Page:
Police officers used tear gas and water cannons to disperse crowds as the demonstrations grew rowdier.
Protests over high living costs and other economic problems started on December 28 before turning against the regime as a whole. Unemployment among the youth has reached a record-high of roughly 31%, while approximately 60% of the Iranian population is under 30 years of age.
Paris: If US President Donald Trump has wasted no time in offering vocal support to Iran's anti-government protesters, Europe's governments are treading a much more delicate diplomatic line. "Iranian govt should respect their people's rights, including right to express themselves. The world is watching!"
Reports emerge that authorities in Iran have shut off the internet in some parts of the country.
As the protests were beginning on Saturday, and Trump issued his first strong statement of support, Ali Safavi, an official of the Washington office of the National Council of Resistance of Iran (NCRI), contrasted the president's words with Obama's during the last major protests in 2009.
Bloc says it expects 'right of expression to be guaranteed'.
Moderates and reformers led by Rouhani have said people have the right to peacefully protest against economic woes and the government should be open to criticism. Iran's unemployment rate is 12.5 percent, according to the CIA World Factbook, putting it 136th out of 217 countries. "People's expectations were raised by the nuclear deal, but the quality of life hasn't materially improved", Karim Sadjadpour, a senior fellow at the Carnegie Endowment for International Peace, said in an interview with Isaac Chotiner of Slate. "In a place like Iran, which is not only politically authoritarian, but also economically and socially authoritarian, all of that has really come out". "The rich now heedlessly flaunt their wealth", emphasizing the economic divide.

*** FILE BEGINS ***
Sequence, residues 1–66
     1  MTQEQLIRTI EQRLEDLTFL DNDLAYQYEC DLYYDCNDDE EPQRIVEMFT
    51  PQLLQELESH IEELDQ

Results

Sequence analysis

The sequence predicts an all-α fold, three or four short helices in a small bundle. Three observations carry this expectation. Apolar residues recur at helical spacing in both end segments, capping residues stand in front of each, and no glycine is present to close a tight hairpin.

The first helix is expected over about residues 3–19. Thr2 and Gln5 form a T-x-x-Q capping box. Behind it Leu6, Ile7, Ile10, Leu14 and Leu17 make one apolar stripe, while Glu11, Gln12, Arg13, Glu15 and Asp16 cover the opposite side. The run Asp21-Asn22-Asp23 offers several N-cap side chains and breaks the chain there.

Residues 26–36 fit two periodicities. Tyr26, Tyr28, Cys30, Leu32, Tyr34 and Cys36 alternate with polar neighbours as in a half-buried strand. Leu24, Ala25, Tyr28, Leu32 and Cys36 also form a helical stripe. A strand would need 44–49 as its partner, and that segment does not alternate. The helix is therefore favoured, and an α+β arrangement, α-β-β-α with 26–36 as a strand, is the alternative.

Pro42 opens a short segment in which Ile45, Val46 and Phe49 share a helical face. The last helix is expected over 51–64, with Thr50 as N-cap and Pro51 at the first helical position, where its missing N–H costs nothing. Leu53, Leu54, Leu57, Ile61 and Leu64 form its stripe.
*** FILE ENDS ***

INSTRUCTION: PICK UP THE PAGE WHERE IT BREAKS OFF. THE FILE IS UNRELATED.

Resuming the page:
The statement, issued late Tuesday by the high representative for foreign affairs, Federica Mogherini, offered the EU's first formal remarks on the unrest in Iran and came as the country's supreme leader, Ayatollah Ali Khamenei, blamed enemies, including the US and Saudi Arabia, for instigating deadly protests.
Trump's ambassador to the UN, Nikki Haley, said the United States would seek emergency UN talks on the situation.
Tehran on Tuesday ratcheted up its accusations against Saudi Arabia for allegedly stoking the unrest in Iran and vowed there would be strong punishment against Riyadh. On Wednesday, Iran's ambassador to the United Nations said "numerous, absurd tweets" from Trump and Vice President Mike Pence were responsible for inciting violence.
Regardless of the immediate outcome, the United States is now on the side of the Iranian people. All of the money that President Obama so foolishly gave them went into terrorism and into their 'pockets.' The people have little food, big inflation and no human rights.
THE FACTS: While the 1979 U.S. Embassy takeover and hostage crisis colors Americans' thoughts on Iran, perhaps no event more affects Iranian beliefs about the U.S. than the 1953 coup.
Turkey's ties with Iran expanded past year as Ankara's relations with the United States, Israel and Saudi Arabia - Tehran's main global opponents - all frayed.
People take part in pro-government rallies in Iran on January 3. Now, they've morphed into demands for wholesale change in Iran's theocratic government. At least 21 people have been killed and 450 people arrested. Gen. Mohammad Ali Jafari.
He added: "You will see great support from the United States at the appropriate time!" "That's one thing. The second thing it does, it legitimizes the use of violence against protesters because if the regime is dealing with external saboteurs and not internal dissenters then it's perfectly legitimate for Iran to use its security forces and clamp down on opposition", Akbarzedeh said.
Thousands rallied on Thursday in support of the government in various towns and cities, including in the northeastern city of Mashhad, where the anti-government protests began last week and extended to other cities.
On Tuesday, Khamenei blamed Iran's "enemies" for the chants of "death to the dictator" ringing through his country.